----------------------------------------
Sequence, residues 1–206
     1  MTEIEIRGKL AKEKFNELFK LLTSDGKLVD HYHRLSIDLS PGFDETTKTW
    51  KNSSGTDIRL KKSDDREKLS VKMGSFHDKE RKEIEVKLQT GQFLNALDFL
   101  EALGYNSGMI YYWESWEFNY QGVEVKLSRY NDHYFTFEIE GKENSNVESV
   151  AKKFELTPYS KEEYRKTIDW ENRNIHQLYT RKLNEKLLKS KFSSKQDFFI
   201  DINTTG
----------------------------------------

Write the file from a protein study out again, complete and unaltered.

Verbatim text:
Sequence, residues 1–206
     1  MTEIEIRGKL AKEKFNELFK LLTSDGKLVD HYHRLSIDLS PGFDETTKTW
    51  KNSSGTDIRL KKSDDREKLS VKMGSFHDKE RKEIEVKLQT GQFLNALDFL
   101  EALGYNSGMI YYWESWEFNY QGVEVKLSRY NDHYFTFEIE GKENSNVESV
   151  AKKFELTPYS KEEYRKTIDW ENRNIHQLYT RKLNEKLLKS KFSSKQDFFI
   201  DINTTG